Pole vault: Duplantis, so young and already so high

[Mise à jour : Duplantis a franchi les 6,18 m le samedi 15 février à Glasgow]

Renaud Lavillenie is no longer a record holder in the world of pole vault. The French athletics star, who had the best world performance of all time since February 2014, when he jumped 6.16 m in Donetsk under the eyes of former record holder Sergei Bubka, passes his hand to the star rising specialty: Armand Duplantis, 20 years old. The latter, although born and raised in the United States (in Lafayette, Louisiana), competes under the colors of Sweden, his mother’s country. Duplantis, nicknamed “Mondo” in the narrow circle of athletics, passed the 6.18m mark in Glasgow on Saturday. He had already crossed the 6.17 m barrier at the indoor meeting in Torun, Poland, a week earlier. The performance of the young man with “normal” physique – 68 kilos for 1.81 m – is not really a surprise. Tuesday, in a meeting in Germany, he attacked the Lavillenie record and failed by nothing.

In the garden of the house

Armand Duplantis presents the typical CV of the prodigy of his discipline, to which he was initiated by his father and coach since his earliest childhood. He indeed started to panic the counters of the specialty at 10 years old. The son of Greg Duplantis and Helena Hedlund, a former volleyball player and heptathlete, and now her fitness trainer, began his jumping career in the garden of the family home. At 10, he crossed 3.86m, the world record for this age category. Passionate about the specialty are beginning to scrutinize the gestures of the child acrobat on YouTube. The father himself is a former American pole vaulter, capable of jumping 5.80m from the top of his 1.68m. It is perhaps thanks to the size of his father that the son drew his greatest strength: technique. When you don’t have a Superman physique, you have to bet everything on it, essential on the acrobatic part and speed. Qualities probably worked to nausea by Greg Duplantis and his son.

Duplantis displays perfect mastery of the different parts of which a pole vault consists. For the average viewer, this very complex exercise may seem easy and almost natural: but it is the mark of the virtuoso to give this impression. From this point of view, Duplantis has a lot in common with Renaud Lavillenie, his young idol, with whom he shared a few jumping sessions and long discussions about their sport.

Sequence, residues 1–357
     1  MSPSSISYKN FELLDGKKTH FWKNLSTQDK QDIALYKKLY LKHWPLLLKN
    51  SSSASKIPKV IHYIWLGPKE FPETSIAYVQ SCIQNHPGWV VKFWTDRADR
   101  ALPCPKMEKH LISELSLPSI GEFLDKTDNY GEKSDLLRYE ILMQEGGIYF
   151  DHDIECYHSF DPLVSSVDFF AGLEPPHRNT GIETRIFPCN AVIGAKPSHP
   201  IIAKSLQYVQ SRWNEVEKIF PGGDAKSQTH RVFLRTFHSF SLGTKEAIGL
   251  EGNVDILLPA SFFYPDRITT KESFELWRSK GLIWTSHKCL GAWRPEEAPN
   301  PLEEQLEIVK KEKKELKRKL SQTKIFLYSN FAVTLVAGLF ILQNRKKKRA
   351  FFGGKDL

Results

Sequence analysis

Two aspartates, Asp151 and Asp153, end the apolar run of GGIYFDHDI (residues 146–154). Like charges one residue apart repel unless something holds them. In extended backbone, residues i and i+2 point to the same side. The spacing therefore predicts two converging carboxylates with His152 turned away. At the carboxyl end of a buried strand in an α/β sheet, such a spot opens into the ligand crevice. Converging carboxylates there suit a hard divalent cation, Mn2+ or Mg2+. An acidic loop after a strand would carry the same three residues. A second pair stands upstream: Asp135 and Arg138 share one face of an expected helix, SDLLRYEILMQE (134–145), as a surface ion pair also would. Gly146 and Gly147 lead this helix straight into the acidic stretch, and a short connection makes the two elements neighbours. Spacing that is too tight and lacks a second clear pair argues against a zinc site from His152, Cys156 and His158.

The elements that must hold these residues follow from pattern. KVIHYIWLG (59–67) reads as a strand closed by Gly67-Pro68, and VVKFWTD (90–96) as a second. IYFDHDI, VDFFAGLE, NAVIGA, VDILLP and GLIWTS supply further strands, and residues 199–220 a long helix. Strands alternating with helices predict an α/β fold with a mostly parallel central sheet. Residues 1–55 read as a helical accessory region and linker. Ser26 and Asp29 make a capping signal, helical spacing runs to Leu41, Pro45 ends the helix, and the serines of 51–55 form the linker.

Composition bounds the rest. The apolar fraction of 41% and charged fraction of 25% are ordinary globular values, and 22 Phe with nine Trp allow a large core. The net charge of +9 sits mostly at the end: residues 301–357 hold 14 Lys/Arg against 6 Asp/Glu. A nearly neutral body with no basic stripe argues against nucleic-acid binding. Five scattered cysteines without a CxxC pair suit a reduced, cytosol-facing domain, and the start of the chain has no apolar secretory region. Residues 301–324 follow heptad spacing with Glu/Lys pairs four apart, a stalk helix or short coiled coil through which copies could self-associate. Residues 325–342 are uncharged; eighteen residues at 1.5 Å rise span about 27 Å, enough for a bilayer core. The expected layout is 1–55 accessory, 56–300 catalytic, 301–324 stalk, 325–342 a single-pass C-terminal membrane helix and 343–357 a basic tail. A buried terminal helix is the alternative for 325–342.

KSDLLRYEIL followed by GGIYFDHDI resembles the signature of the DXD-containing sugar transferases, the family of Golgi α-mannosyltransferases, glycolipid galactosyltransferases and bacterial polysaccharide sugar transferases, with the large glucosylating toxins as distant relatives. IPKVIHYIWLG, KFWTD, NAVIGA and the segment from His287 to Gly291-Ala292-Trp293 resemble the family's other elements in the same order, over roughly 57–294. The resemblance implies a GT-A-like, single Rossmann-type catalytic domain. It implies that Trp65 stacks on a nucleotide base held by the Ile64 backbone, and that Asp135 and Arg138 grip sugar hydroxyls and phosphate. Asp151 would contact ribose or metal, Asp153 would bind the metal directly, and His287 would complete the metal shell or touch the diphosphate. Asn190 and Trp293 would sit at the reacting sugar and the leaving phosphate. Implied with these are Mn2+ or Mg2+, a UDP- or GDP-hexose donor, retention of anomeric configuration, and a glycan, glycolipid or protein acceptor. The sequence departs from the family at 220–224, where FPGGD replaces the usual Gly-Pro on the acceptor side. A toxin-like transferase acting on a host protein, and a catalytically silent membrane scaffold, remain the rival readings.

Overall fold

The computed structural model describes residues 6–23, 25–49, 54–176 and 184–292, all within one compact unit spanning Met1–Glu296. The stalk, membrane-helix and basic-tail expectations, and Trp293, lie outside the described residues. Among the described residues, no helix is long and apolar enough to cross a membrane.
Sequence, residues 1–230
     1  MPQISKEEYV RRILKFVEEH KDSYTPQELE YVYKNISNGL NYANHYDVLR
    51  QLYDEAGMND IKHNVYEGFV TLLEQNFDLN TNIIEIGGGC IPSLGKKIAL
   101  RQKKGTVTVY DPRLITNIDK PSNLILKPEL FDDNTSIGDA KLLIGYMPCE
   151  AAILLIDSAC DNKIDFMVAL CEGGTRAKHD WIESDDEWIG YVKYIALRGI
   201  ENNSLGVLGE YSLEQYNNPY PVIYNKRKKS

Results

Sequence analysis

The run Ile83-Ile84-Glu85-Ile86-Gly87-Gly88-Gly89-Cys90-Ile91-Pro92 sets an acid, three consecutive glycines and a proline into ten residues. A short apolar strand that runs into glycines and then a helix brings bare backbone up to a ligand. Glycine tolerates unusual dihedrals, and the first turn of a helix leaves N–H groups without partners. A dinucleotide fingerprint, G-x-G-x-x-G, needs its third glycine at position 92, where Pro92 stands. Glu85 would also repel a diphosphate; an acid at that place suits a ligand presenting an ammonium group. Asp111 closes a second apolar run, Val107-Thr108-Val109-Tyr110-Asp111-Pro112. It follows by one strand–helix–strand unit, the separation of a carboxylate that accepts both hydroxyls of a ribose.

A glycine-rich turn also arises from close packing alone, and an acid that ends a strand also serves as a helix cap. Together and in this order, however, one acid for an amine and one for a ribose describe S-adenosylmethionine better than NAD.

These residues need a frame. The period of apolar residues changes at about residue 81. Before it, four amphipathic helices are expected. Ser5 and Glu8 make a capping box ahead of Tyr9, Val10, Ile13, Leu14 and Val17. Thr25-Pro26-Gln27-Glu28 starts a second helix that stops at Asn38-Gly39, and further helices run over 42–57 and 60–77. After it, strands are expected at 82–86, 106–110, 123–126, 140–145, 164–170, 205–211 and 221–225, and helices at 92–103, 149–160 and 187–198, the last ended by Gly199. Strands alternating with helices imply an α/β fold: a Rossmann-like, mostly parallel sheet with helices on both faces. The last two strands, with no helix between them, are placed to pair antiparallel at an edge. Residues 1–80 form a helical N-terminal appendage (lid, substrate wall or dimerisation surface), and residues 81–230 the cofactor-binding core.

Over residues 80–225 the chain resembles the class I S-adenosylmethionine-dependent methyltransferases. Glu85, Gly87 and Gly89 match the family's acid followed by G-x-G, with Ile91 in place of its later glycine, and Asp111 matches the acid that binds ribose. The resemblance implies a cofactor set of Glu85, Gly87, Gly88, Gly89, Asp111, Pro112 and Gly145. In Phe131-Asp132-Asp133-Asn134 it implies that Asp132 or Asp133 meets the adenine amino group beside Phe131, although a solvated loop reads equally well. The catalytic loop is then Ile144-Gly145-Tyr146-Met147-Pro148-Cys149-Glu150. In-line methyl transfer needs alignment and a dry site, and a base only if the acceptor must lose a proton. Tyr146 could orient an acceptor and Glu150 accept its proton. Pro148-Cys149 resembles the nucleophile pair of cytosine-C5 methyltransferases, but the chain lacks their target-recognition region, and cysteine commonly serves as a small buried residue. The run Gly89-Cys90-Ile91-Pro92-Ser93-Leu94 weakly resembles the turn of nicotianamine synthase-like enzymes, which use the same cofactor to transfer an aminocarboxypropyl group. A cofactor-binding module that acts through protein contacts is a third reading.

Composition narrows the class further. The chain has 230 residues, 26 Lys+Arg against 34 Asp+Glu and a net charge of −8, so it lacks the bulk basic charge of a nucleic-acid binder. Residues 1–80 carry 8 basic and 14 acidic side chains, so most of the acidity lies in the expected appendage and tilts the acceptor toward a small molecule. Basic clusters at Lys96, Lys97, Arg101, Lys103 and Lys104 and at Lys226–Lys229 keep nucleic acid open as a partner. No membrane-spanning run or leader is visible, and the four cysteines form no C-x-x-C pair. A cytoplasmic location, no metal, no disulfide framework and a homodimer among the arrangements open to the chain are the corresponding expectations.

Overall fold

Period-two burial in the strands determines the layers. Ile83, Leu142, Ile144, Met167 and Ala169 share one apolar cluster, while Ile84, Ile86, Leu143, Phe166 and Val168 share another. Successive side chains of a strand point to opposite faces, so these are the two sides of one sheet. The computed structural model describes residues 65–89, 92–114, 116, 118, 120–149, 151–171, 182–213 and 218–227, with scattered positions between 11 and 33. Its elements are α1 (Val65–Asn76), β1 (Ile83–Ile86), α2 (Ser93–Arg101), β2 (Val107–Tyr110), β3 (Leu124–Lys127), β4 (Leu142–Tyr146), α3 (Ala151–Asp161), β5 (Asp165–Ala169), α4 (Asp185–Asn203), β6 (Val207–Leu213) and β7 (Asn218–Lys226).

Provider, athlete, tightrope walker

Just watch his jumps, for example at the European Championships in Berlin in August 2018, where at just 18 years old (still a junior then), he won one of the most distinguished contests in the history of this championship. At an Olympic stadium in Berlin, during an interminable summer evening, Duplantis had to pull from his hat of conjurer-athlete-tightrope walker a jump to 6.05 m, while the final seemed to end at 5.95 m. This measurement represented at the time his personal best and also the junior world record. Second place was for the young Russian Timur Morgunov (6.00 m), meteor of the discipline, while the bronze medal went to an always combative Renaud Lavillenie at the beautiful altitude of 5.95 m, which in most old editions would have given right to the highest step of the podium.

At the world championships in Doha, at the beginning of October 2019, Duplantis wins “only” the money behind another ace in the discipline, the American Sam Kendricks, in a competition not frankly high-flying: 5.97 m for Kendricks and Duplantis , the American winning the number of tries at 5.92 m. In Qatar, the Swede had appeared a bit sprained, perhaps because of the string of meetings which had made up his season. Saturday in Torun, on the second attempt at 6.17 m, Duplantis agreed with all of their opponents: he is now the boss of the discipline.

Luca Endrizzi

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